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PostPosted: Sat Nov 13, 2010 5:25 pm   Post subject:   

Hi Ins Teacher,



You stated



"It really depends on what you're looking for. HMOs, PPOs and Major Medical (indemnity, reimbursement) plans are all different, and a lot of the purchase decision should be based on the factors affecting all three delivery systems.



HMOs and PPOs have networks. HMOs typically lock you into the network unless you have an emergency, get a referral out of the network from your primary care physician, or have purchased a special type of HMO called a Point of Service Plan/Option. You'll pay a "co-pay" at the time of service which can vary depending on the service and provider.



PPOs by their very nature allow non-network access; you don't need a referral from your primary care doctor to go outside of the network and still have coverage. The key is the Preferred Provider part- they're designed to encourage network usage by the participant. The participant saves money, sometimes considerable amounts, by staying in the network. Go outside the network, you're covered, but you'll pay more. Normally, network providers charge the enrollee a co-pay, similar to an HMO, while non-network providers can mean higher co-pays or even a deductible and co-insurance.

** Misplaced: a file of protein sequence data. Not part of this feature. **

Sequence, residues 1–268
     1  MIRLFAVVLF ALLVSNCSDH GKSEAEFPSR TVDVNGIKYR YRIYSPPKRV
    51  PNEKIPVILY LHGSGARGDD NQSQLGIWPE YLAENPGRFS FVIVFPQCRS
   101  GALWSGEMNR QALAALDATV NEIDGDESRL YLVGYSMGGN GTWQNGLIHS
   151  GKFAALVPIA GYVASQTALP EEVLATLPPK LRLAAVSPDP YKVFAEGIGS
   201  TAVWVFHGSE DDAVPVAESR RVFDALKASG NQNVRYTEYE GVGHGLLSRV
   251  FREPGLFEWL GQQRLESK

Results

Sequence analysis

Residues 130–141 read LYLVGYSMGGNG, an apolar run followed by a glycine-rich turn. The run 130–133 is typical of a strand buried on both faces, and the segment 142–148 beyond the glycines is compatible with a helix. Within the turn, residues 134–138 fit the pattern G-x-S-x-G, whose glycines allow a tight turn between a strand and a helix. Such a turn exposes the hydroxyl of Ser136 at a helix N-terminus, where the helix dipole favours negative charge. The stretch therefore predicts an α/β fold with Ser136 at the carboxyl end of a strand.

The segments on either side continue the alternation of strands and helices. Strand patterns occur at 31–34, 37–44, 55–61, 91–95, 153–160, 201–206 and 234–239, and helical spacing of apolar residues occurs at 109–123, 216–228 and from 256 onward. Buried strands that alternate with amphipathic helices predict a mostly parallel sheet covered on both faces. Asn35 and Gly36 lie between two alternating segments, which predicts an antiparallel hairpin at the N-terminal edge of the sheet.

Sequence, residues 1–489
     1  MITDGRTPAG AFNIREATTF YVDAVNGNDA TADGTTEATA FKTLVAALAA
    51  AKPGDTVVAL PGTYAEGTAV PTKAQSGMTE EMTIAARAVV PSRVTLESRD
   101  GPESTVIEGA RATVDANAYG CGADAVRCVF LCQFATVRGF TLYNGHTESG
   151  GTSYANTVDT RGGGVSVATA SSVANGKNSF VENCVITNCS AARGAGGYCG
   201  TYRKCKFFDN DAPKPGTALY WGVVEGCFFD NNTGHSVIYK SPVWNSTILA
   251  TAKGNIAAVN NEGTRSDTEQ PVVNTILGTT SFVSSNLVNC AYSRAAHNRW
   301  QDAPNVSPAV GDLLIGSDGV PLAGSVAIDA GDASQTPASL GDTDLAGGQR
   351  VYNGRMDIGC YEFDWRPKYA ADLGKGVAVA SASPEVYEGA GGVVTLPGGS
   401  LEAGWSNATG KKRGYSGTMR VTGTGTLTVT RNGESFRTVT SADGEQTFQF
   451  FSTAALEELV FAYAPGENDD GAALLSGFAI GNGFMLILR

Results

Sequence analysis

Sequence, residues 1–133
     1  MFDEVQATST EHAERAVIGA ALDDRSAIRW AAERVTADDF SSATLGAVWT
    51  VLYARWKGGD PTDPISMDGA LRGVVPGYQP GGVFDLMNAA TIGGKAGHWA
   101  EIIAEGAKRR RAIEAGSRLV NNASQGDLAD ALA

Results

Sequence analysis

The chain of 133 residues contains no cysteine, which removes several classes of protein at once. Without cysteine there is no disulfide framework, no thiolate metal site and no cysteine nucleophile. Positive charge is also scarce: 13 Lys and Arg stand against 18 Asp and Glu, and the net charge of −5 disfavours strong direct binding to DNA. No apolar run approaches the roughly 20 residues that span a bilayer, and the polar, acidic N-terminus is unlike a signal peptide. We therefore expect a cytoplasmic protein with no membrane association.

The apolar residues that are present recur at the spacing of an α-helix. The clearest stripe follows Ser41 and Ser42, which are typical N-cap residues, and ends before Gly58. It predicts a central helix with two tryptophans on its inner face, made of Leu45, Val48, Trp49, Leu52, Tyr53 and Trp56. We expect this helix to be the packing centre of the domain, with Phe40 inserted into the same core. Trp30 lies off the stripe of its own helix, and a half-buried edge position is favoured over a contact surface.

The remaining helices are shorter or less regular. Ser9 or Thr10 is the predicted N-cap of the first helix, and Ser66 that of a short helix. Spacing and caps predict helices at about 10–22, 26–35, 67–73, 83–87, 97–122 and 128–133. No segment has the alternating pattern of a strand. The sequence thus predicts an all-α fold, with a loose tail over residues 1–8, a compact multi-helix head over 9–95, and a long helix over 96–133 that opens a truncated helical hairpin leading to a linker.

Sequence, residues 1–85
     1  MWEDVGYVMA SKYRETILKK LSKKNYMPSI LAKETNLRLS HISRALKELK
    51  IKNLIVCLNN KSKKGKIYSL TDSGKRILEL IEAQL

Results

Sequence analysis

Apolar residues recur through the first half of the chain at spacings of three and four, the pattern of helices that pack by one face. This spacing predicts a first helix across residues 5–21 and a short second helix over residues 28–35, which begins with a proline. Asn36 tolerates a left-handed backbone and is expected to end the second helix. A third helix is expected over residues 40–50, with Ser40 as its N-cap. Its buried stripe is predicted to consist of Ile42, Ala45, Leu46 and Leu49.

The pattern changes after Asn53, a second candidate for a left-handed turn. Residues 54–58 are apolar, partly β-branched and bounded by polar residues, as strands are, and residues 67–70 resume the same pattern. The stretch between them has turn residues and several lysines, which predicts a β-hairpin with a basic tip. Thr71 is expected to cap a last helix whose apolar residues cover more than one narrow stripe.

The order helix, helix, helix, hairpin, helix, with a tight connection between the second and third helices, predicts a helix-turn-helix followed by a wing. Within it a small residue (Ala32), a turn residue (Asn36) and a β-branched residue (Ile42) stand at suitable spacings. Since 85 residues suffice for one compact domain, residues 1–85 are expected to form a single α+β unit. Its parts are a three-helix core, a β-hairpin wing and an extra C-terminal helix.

Major Medical policies are "any provider" plans. You can choose any licensed provider, generally within a geographical area (U.S. and Canada, for instance) and the insurer will pay. There are deductibles and co-insurance (not co-pays) for plan usage.



As you can see from this basic info, there are differences just in the very basic stuff. It really boils down to what you need, can afford, and prefer."



So what you mean is that insurance companies have these hmo and ppo policies and the insurance companies use these hmo and ppo policies that have networks of providers that the insurance company uses to provide services to patients or insured people? I hope you understood what I asked..I hope it did not confuse you..I will go further after I understand it further.